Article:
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Am J Transl Res. 2014 Nov 22;6(6):857-68. eCollection 2014.

Conceptualization and utilization of blood stasis syndrome among doctors of Korean medicine: results of a web-based survey.

Author information

1
Medical Research Division, Korea Institute of Oriental Medicine Daejeon, South Korea.
2
National Research Center in Complementary and Alternative Medicine (NAFKAM), Department of Community Medicine, Faculty of Health Sciences, UiT The Arctic University of Norway Tromsø, Norway ; Norwegian School of Health Sciences, Institute of Acupuncture, Kristiania University College Oslo, Norway.
3
Norwegian School of Health Sciences, Institute of Acupuncture, Kristiania University College Oslo, Norway.

Abstract

This survey aimed to assess the conceptualization of and utilization of blood stasis syndrome within traditional East Asian medicine among Doctors of Korean Medicine (DKMs). A survey was conducted with 22 questions classified into four categories (the present status, problems and requirements of a BSS diagnosis; the concept, diseases and prescriptions regarding BSS; the present status and problems with the Korean standard classification of diseases (KCD) relevant to BSS and the demographic characteristics of the survey respondents). A total of 17,550 DKMs affiliated with the association of Korean medicine were sent surveys via e-mail. Of the 678 respondents, more than half (53%) had difficulties with the diagnosis of BSS because objective measurement methods were not readily available. Most respondents (88%) thought that the development of an objective diagnostic method for BSS was necessary. Regarding the concept of blood stasis, "an abnormal mass in organ and tissue" considered the most significant indicator, followed by extravasated blood, the blood circulating sluggishly and a disorder of the blood cells. According to 606 DKMs, a traumatic injury was the most frequent reason for BSS in the clinic. And the Dangkwisoo-san was most frequently mentioned prescription for BSS in the clinic. The majority of respondents (76%) reported that it was necessary for an additional code of BSS in KCD. Our data suggest the need to develop more objective diagnostic tools for BSS diagnosis. Future research into BSS should consider DKMs' perceptions of BSS, diseases relevant to BSS and KCD codes. However, we cannot completely discount the possibility that the low response rate could indicate a biased selection of respondents and limit the interpretations of our study results.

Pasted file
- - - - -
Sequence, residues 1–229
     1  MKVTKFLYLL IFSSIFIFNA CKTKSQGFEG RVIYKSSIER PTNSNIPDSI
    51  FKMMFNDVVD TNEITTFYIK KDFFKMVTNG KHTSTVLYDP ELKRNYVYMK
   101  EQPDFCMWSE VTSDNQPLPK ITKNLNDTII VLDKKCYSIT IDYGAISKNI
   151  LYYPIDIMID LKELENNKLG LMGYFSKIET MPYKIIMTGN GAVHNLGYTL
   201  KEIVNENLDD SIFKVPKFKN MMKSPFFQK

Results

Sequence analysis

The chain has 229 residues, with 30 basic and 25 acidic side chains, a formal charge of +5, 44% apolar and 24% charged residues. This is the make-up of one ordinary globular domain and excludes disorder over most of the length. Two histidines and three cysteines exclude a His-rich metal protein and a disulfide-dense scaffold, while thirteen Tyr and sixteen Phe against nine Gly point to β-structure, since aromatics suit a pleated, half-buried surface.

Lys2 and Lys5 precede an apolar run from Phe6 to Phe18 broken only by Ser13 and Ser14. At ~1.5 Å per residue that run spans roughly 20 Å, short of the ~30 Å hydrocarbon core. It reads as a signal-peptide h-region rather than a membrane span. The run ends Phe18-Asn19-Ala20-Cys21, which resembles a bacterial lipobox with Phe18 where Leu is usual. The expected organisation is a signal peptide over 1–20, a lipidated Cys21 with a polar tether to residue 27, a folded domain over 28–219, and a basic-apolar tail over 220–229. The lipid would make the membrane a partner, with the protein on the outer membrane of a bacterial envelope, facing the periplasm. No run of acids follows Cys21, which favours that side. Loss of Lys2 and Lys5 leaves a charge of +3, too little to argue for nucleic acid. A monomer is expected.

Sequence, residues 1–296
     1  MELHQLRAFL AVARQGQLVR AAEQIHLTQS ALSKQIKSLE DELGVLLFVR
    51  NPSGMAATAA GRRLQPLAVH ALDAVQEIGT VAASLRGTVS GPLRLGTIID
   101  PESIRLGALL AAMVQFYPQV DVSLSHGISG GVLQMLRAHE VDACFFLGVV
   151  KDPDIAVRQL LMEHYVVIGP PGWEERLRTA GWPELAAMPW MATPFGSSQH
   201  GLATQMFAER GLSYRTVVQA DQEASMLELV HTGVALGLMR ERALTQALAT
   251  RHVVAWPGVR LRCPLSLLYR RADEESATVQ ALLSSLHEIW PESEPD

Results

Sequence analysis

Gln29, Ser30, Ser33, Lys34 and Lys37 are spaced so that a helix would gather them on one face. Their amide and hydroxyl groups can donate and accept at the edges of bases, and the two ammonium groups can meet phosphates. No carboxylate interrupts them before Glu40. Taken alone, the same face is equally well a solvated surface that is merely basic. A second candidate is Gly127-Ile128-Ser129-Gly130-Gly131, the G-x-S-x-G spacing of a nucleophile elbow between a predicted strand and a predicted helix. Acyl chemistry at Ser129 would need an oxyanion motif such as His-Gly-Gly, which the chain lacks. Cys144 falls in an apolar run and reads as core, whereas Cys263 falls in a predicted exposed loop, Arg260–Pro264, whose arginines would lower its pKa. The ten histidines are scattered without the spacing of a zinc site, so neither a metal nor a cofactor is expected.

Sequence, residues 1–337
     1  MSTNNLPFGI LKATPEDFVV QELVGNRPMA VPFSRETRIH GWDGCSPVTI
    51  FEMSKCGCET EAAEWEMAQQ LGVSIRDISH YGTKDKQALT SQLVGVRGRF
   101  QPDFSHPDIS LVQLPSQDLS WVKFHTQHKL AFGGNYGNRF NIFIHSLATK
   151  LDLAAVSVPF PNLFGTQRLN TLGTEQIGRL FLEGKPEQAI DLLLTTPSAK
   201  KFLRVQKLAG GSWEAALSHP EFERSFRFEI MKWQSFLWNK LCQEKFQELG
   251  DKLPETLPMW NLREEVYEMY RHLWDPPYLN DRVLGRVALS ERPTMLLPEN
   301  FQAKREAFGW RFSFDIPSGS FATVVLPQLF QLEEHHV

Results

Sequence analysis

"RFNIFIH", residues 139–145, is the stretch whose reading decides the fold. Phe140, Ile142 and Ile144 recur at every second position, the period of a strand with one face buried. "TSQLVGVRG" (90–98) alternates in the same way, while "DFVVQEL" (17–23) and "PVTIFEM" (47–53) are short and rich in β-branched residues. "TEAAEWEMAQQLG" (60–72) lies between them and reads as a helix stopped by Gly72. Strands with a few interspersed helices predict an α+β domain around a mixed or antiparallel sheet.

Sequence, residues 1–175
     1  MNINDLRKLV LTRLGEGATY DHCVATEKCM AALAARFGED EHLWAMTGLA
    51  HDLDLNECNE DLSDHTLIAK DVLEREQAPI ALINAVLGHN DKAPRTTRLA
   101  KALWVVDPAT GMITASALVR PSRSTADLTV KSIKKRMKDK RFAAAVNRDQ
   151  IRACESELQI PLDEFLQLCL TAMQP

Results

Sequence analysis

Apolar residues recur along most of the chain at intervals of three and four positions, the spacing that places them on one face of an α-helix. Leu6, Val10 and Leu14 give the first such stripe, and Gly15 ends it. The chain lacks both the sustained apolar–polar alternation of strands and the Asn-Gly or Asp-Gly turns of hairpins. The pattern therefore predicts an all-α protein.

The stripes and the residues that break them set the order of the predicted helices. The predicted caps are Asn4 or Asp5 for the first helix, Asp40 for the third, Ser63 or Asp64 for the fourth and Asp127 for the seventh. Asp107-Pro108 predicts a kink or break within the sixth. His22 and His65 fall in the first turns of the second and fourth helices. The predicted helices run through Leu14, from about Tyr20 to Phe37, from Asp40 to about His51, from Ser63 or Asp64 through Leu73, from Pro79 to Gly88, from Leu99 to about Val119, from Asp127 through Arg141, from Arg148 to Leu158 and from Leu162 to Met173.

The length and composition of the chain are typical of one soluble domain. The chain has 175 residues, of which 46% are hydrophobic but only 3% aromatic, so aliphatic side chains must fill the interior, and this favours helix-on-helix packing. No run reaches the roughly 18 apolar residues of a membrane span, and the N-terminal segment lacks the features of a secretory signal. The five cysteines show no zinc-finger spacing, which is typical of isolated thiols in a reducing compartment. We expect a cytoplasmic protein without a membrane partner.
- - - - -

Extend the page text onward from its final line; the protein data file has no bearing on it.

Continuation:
KEYWORDS:

Blood stasis; survey; traditional East Asian medicine; traditional Korean medicine

PMID:
25628796
PMCID:
PMC4297353

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